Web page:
Australia’s daily COVID-19 death tallies are spiking, pushing the nation closer to chalking up 12,000 total virus-related fatalities.
The nation last week recorded three straight days of 100-plus deaths related to the virus, elevated by historical COVID-19 fatalities hitting the system in Victoria.
Another 41 were reported nationally on Sunday – taking Australia’s total toll across the pandemic to 11,845 – along with almost 30,000 new cases.
Victorian Chief Health Officer Brett Sutton estimated only half the actual number of infections are being picked up but said the state has likely hit its case peak, with numbers expected to fall.
The number of COVID-infected people in Victorian hospitals fell by 69 on Sunday, a drop that Victorian Deputy Premier Jacinta Allan attributed to people following official health advice.
“Our hospitals are continuing to have some challenges in working through the COVID cold and flu impacts that has been experienced right across the country,” Ms Allan said on Sunday.
“We know that by continuing to do the right thing, by getting vaccinated and socially distancing and not going to work or going to school if you’re unwell is all part of helping to manage that demand.”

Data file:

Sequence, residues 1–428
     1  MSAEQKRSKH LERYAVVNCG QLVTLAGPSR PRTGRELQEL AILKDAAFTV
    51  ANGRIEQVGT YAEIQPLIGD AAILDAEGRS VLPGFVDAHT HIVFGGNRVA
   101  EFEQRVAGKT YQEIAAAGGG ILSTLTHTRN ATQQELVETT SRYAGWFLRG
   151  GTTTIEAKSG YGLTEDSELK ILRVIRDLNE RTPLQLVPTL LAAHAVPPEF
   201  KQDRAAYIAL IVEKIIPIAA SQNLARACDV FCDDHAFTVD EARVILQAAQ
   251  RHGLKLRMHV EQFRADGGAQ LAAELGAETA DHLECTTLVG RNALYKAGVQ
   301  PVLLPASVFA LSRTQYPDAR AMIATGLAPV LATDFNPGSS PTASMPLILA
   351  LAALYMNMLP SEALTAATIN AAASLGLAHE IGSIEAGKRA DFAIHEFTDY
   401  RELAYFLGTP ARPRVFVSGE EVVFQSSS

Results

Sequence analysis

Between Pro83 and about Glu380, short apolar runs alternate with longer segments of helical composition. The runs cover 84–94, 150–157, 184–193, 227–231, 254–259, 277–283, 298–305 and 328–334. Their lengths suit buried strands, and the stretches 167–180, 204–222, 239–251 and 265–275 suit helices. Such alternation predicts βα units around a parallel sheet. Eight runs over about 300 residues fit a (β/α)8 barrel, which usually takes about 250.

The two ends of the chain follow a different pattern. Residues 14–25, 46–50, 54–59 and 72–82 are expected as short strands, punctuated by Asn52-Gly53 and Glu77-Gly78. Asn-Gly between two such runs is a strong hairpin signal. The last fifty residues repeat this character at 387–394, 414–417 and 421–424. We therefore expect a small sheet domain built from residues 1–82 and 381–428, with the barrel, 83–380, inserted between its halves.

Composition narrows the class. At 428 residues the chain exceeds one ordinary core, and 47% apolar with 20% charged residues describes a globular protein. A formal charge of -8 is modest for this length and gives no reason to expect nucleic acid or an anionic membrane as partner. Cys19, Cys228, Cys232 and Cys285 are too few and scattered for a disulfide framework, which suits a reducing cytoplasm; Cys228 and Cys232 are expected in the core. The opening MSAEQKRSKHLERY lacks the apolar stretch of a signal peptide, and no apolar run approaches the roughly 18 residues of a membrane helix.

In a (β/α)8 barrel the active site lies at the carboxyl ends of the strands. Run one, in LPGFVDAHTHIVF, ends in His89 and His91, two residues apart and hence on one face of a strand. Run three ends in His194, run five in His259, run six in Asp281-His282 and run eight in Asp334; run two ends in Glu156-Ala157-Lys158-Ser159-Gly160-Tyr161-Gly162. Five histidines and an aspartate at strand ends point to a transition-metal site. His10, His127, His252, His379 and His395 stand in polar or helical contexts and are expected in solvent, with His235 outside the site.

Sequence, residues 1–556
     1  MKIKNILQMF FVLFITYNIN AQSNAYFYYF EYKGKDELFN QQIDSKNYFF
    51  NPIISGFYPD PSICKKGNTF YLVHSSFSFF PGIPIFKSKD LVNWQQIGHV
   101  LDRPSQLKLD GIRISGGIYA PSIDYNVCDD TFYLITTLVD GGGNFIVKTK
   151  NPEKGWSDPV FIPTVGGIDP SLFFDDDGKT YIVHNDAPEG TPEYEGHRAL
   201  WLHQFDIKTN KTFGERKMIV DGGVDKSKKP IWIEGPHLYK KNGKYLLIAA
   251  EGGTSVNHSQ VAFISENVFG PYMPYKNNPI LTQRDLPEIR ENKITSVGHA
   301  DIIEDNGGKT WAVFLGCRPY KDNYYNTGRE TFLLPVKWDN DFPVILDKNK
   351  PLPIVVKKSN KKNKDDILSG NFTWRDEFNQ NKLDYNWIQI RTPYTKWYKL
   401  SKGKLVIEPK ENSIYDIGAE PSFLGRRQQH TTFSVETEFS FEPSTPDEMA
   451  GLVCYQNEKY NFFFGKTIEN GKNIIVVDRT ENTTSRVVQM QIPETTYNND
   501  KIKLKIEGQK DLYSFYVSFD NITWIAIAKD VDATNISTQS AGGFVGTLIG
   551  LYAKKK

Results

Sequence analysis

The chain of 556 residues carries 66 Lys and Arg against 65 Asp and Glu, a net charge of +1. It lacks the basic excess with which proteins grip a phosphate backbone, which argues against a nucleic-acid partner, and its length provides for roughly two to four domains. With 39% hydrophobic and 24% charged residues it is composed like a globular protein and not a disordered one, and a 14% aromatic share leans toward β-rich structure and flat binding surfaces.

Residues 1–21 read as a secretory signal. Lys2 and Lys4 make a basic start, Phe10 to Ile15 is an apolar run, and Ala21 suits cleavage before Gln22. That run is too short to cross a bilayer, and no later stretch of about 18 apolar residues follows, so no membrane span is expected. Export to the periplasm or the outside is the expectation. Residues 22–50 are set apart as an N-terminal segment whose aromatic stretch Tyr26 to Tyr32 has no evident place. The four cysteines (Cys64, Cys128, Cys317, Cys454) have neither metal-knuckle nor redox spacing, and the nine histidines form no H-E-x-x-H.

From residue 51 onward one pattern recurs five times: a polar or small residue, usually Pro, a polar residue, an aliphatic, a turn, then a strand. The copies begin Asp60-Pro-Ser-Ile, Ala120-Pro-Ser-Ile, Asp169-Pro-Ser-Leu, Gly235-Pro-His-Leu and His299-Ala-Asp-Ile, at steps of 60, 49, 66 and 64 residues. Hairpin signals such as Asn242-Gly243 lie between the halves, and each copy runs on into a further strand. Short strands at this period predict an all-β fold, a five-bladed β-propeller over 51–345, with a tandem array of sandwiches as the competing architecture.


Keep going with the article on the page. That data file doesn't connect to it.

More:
One in 12 public hospital beds across Australia are filled by a COVID-19 patient, despite fewer people ending up in intensive care than during previous waves of the virus.
Hospitals nationwide are “heaving” under the coronavirus caseload, with more than 5000 beds occupied by positive patients, Health Minister Mark Butler says.
“We’re numbering about 330,000 cases on a seven-day average per week at the moment, but we know from sampling from the positivity rates that we’re getting for PCR tests, that the real number is probably at least twice that,” he told the Australian Medical Association national conference on Saturday.
“It is an extraordinary number of infections with this highly infectious new (Omicron) subvariant.”
Mr Butler said the one upside of the current Omicron wave was that ICU rates were well below where they were in January, while the number of flu cases was also declining sharply.
But he added that the take-up of third vaccine doses had “stalled to quite an alarming extent”, with around five million people yet to receive a booster after their two initial shots.